THE Dartmoor Pony Heritage Trust says ponies born and bred on Dartmoor can play a pivotal role in addressing the critical decline of heathland environments in the National Park. 

The trust has launched its ‘Mouths on the Moor’ campaign in order to highlight the role of native ponies on the moor in preserving the ecosystem. 

They hope that increaced awareness and changes to stocking rules could redress the loss of heathland plants that are becoming engulfed by purple moor grass and other aggressive species, while supporting Dartmoor’s hill farmers by getting more grazing animals back on the moor.

Rare and precious heathland plants like heather and bilberry have been lost on around 40% of the moor, overtaken by vast expanses of Molinia grass, large stands of western and European gorse and bracken.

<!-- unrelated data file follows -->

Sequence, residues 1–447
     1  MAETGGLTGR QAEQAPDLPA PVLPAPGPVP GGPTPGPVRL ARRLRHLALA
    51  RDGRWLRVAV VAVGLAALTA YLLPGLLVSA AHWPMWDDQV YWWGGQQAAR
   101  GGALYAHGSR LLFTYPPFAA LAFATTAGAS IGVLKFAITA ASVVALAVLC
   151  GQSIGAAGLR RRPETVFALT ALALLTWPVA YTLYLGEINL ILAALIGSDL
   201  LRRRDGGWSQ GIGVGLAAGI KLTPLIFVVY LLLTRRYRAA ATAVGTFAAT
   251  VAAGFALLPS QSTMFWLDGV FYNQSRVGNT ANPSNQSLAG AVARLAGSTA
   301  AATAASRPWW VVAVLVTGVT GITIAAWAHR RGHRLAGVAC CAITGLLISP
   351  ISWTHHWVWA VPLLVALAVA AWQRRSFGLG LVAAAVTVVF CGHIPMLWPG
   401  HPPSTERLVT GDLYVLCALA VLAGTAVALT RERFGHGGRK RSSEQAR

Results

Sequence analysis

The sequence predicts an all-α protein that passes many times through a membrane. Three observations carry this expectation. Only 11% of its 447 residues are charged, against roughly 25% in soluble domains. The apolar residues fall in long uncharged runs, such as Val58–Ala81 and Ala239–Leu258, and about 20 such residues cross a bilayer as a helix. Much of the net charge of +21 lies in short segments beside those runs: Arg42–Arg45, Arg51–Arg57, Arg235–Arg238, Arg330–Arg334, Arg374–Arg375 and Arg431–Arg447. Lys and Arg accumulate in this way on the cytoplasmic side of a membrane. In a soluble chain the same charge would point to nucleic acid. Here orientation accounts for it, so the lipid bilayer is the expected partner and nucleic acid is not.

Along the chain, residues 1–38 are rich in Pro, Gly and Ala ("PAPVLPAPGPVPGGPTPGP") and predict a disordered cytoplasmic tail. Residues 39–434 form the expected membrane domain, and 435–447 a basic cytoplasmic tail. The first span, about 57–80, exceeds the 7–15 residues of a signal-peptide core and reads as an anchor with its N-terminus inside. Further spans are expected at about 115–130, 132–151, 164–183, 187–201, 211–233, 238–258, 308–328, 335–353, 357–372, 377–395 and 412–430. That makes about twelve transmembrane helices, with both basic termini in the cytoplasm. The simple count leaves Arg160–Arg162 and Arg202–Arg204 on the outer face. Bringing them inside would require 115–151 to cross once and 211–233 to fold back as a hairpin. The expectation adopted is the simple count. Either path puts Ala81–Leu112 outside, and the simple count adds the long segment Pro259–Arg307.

Natural England has recognised the need for consultation to address the decline in the quality of the moorland environment. The public consultation stage of its Independent Review concluded on 16 October.

Debbie Leach, CEO of the Dartmoor Pony Heritage Trust, said: ‘If the ponies native to Dartmoor and other livestock can once again access and effectively graze the rampant purple moor grass and gorse, as well as trample the bracken, other plants will re-establish.

‘Most importantly, it will allow the re-creation of biodiverse heathland habitats that support a wide range of animal and plant species.’